MacRitchie Reservoir Park: Macaque Dos and Don’ts

MacRitchie Reservoir Park: Macaque Dos and Don’ts

So today, having unstable mood as I always do lately, I decided to visit a nature reserve at MacRitchie, with a hope that mother nature would lend me some strength. But who knows, this huge park has a lot of macaques!

If you love animals and want to take picture as close as you can, always be alert that these wild animals can always snatch your camera/phone. Don’t make any noise by clicking your tongue or make other funny noises, as they might think you were scaring them off. Don’t step on a dry leaves, as the sound would scared them as well. Be gentle when walking closer towards them. Be extra gentle and don’t make any noise when open your camera/phone. But bear in mind, ALWAYS BE ALERT!

I observed these wild creatures and learned that most of the time they will ignore you if you just walk pass through them without making too much noises and didn’t bring any food or anything that looked like food. If you walk around the park with food or colorful water bottle, just DON’T! They will try to snatch it from you. If you try to defend your food, more macaques will come. Macaques hunt in a group.

Most of the time they are afraid of human as much as human afraid of them. If you scared of them and decided to make a run from them, they will chase after you–it’s a basic instinct of a predator. If you think they are following you, don’t run. Just stop and turn around, look at their eyes. They usually just play around and don’t really trying to chase you. Always be alert of the wild animals. Animals can read human’s emotions and facial expressions.

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As I walked around the park, I followed few groups of macaques. I was standing very close to these two young macaques who were trying to open a water bottle they snatched from a human kid. After the first macaque managed to open the bottle and apparently it was just water, she dropped it to the ground. I was there with them. I tried to pick the bottle slowly and hand it back to the first macaque. She took it from me, and after a while she dropped it again. The second time I picked and hand it back to the same macaques, she dropped it again. Seemed like she’s not interested in it anymore. So finally I handed it to the second macaque who were there all the time watching us, this second macaque threw the bottle to the pond. Smart guy.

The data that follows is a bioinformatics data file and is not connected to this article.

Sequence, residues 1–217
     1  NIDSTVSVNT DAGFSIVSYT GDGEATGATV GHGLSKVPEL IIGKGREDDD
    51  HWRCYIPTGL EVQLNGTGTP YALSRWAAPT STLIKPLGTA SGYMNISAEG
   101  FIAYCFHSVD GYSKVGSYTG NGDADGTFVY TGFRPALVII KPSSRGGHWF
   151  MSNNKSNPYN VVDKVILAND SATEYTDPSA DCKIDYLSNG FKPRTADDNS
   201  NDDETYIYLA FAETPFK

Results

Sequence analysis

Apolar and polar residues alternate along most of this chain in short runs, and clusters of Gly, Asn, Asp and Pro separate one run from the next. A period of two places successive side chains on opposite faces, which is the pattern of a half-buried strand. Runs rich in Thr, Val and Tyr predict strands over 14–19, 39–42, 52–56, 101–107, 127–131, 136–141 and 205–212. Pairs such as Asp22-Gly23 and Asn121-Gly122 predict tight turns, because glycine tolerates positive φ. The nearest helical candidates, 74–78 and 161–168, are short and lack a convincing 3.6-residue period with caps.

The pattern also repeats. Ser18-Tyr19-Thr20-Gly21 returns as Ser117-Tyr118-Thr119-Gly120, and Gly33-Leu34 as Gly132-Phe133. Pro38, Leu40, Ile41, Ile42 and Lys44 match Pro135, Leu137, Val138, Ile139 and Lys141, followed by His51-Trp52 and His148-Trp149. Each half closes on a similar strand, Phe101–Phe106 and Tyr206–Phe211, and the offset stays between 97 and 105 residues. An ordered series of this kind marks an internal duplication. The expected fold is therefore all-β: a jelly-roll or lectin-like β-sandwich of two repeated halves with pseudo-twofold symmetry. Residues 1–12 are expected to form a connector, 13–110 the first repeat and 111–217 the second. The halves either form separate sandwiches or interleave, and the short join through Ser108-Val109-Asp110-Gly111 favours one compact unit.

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In another group of macaque, one of the young macaque who were just sitting there, finally walked slowly towards me. I was impressed how she pay interest in me, but in the same time I also be alert of what she was up to. I was watching her eyes all the time trying to read her mind, then I noticed she was eyeing my bag. I didn’t bring any food. She probably just curious what was inside my bag. With her small hands, she was trying to reach out my bag. I took one step back. I didn’t want to make sudden move nor sudden noise. She finally understood that I won’t give my bag to her. We gazed each other until she grinned at me. I grinned back to show her I wasn’t afraid of her. Grinning is a way of macaque when they are nervous or when they want to show dominant to other.

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In another group of macaques, I saw they were playing around in a big group of baby macaques and few adults. Most of the time they won’t notice you as they were busy playing around with one another. I was squatting there, trying to snap some pictures with my Sony phone of these two babies who were wrestling each other. When they were seeing me about same height as their adults, these two babies approached me. They were trying to chew my shoes, my foot, and even trying to climb me. But I am not sure If I am macaque-climbable. Nope. I decided to make a move.

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oh look! I sound like a macaque pro here! ( ̄ε ̄@)

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